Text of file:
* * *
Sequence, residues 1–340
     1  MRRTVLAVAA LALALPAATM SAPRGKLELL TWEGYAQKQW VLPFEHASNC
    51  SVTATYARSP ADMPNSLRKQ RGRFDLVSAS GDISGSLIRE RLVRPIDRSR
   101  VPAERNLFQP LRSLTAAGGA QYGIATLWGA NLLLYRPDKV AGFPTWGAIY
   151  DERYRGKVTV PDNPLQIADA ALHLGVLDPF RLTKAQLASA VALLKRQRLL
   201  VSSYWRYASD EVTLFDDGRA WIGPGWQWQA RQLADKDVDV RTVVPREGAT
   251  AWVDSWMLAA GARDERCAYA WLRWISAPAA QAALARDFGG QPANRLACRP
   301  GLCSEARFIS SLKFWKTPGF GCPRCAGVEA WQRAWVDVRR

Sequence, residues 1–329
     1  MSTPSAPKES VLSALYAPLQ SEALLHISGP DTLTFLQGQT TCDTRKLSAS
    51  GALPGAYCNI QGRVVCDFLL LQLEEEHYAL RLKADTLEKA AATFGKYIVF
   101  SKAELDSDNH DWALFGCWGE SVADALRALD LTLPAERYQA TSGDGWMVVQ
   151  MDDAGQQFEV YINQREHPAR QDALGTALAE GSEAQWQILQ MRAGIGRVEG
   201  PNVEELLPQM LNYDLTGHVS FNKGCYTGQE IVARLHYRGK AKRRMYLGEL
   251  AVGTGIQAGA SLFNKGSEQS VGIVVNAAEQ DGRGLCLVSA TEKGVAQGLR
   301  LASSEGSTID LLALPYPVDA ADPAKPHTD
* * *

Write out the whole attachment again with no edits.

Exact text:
Sequence, residues 1–340
     1  MRRTVLAVAA LALALPAATM SAPRGKLELL TWEGYAQKQW VLPFEHASNC
    51  SVTATYARSP ADMPNSLRKQ RGRFDLVSAS GDISGSLIRE RLVRPIDRSR
   101  VPAERNLFQP LRSLTAAGGA QYGIATLWGA NLLLYRPDKV AGFPTWGAIY
   151  DERYRGKVTV PDNPLQIADA ALHLGVLDPF RLTKAQLASA VALLKRQRLL
   201  VSSYWRYASD EVTLFDDGRA WIGPGWQWQA RQLADKDVDV RTVVPREGAT
   251  AWVDSWMLAA GARDERCAYA WLRWISAPAA QAALARDFGG QPANRLACRP
   301  GLCSEARFIS SLKFWKTPGF GCPRCAGVEA WQRAWVDVRR

Sequence, residues 1–329
     1  MSTPSAPKES VLSALYAPLQ SEALLHISGP DTLTFLQGQT TCDTRKLSAS
    51  GALPGAYCNI QGRVVCDFLL LQLEEEHYAL RLKADTLEKA AATFGKYIVF
   101  SKAELDSDNH DWALFGCWGE SVADALRALD LTLPAERYQA TSGDGWMVVQ
   151  MDDAGQQFEV YINQREHPAR QDALGTALAE GSEAQWQILQ MRAGIGRVEG
   201  PNVEELLPQM LNYDLTGHVS FNKGCYTGQE IVARLHYRGK AKRRMYLGEL
   251  AVGTGIQAGA SLFNKGSEQS VGIVVNAAEQ DGRGLCLVSA TEKGVAQGLR
   301  LASSEGSTID LLALPYPVDA ADPAKPHTD